Winter 2015-16       |      Cindi Christenson, Registrar      |      Edmund G. Brown Jr., Governor


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Contractor Referral Services Are Legal – Within Limits

The increased use of contractor "referral" companies – and whether some are violating the law – is drawing attention from CSLB. Contractor referral services offer to connect potential customers with a contractor.

But CSLB is finding that at least some of these referral businesses neither possess contractor licenses, nor do they employ registered home improvement salespersons (HIS). It's important to remember, for licensees who use these services, that a referral service cannot solicit or negotiate contracts on behalf of a contractor or offer to undertake to, or purport to have the capacity to undertake himself or through others a construction project (see Business and Professions Code [BPC] section 7026, definition of "contractor").

There is nothing unlawful about connecting a consumer to services they seek. A referral company MAY serve as a warehouse for licensed contractors. The important distinction is the representations that a referral company makes to the public through its website, advertising, or employees – such businesses must not lead a consumer to believe they have the capacity to perform construction work themselves or through others.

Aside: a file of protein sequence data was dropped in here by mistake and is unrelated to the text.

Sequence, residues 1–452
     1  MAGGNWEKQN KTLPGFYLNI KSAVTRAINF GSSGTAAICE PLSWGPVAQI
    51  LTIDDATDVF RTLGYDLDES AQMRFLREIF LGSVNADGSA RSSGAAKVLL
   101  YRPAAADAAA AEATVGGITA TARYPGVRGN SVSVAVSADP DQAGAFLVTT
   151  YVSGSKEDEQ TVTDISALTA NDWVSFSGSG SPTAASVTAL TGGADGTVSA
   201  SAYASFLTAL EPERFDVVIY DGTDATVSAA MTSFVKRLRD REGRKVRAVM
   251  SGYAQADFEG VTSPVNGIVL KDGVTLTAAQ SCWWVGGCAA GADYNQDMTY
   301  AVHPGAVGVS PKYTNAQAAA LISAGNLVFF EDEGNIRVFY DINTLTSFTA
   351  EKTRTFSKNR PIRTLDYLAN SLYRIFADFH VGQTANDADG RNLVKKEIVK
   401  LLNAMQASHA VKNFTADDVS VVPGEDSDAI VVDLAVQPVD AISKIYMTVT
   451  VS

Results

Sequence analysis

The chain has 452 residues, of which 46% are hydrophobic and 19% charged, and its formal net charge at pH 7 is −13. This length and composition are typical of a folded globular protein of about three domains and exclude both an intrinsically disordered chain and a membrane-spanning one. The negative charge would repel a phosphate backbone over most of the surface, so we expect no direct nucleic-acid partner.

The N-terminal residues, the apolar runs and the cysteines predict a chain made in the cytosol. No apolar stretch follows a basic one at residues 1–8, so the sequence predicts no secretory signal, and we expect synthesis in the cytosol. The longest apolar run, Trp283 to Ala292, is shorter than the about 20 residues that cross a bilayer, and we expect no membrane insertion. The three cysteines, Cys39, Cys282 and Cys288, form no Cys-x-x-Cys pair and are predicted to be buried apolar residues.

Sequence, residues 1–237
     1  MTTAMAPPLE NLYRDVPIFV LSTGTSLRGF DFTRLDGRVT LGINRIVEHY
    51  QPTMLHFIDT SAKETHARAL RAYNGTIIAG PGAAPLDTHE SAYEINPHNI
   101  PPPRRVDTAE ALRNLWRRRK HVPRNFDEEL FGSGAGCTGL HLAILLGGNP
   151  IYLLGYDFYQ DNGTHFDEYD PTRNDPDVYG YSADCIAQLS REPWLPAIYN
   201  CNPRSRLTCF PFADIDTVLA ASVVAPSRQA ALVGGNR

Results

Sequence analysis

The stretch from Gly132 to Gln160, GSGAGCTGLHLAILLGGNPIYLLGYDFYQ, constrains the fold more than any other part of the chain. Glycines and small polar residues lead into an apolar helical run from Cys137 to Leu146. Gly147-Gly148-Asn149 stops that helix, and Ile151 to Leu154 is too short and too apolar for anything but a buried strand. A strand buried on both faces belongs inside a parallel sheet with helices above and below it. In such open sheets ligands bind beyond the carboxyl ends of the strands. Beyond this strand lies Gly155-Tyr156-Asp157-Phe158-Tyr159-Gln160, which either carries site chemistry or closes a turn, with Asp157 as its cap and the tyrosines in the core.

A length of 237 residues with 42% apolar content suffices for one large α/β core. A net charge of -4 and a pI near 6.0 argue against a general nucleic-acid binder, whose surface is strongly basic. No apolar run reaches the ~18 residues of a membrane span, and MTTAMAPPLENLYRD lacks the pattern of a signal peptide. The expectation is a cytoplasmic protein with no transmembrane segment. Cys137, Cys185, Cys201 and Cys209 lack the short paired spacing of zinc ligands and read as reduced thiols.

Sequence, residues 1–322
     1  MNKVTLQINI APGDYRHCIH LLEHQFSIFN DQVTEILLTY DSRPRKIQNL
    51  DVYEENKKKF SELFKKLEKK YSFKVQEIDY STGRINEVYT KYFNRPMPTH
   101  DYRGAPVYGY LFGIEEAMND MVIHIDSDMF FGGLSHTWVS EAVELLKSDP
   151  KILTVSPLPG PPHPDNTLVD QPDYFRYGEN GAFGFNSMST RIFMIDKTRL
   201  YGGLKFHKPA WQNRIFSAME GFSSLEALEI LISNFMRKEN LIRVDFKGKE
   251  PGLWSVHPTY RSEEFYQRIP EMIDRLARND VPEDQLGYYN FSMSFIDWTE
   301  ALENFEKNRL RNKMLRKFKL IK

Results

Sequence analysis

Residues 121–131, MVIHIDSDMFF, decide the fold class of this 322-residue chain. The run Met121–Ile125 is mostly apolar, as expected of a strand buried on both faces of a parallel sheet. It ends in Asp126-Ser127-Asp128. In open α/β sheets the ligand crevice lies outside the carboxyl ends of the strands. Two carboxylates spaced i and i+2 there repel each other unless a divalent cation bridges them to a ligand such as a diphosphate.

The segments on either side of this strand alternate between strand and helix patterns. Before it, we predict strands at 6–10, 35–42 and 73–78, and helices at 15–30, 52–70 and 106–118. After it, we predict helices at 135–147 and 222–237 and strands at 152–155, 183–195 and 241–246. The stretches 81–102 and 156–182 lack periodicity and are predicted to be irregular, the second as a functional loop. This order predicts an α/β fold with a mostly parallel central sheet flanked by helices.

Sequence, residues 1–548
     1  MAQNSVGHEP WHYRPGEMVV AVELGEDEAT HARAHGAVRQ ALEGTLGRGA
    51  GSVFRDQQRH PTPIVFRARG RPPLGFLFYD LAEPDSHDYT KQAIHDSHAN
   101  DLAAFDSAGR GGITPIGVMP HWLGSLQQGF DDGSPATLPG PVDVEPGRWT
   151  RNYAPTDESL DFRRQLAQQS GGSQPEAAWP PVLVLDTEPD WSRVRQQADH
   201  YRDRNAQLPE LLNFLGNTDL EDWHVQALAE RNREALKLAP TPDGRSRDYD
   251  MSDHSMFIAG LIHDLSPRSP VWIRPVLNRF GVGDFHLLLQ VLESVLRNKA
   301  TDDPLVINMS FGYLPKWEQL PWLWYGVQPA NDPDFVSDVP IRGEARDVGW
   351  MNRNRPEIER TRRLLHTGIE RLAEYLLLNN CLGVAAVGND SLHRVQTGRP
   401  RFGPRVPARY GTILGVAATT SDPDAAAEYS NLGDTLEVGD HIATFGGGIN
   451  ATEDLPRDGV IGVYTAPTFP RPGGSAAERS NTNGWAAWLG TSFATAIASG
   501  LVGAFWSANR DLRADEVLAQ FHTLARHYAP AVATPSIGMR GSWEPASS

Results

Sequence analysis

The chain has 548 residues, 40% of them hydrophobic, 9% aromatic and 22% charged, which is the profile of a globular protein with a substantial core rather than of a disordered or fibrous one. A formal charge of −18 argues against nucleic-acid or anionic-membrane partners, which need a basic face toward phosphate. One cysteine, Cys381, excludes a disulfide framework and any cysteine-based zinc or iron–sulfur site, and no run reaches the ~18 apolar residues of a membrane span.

Tactics to be avoided by referral services include directly contacting prospective customers on behalf of a contractor (BPC section 7154 – The referral company employee would be required to be registered for the contractor represented), and/or taking responsibility for completion of a construction project (BPC section 7028 – Acting in the capacity of a contractor without a license).

Violations of BPC section 7154 and BPC section 7028 can result in misdemeanor criminal charges.

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